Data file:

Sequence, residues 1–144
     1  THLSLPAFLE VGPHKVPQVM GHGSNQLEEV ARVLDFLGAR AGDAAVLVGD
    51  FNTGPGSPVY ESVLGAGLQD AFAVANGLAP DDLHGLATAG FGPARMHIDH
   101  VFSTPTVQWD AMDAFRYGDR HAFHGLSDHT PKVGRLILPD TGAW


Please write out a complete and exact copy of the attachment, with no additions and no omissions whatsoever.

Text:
Sequence, residues 1–144
     1  THLSLPAFLE VGPHKVPQVM GHGSNQLEEV ARVLDFLGAR AGDAAVLVGD
    51  FNTGPGSPVY ESVLGAGLQD AFAVANGLAP DDLHGLATAG FGPARMHIDH
   101  VFSTPTVQWD AMDAFRYGDR HAFHGLSDHT PKVGRLILPD TGAW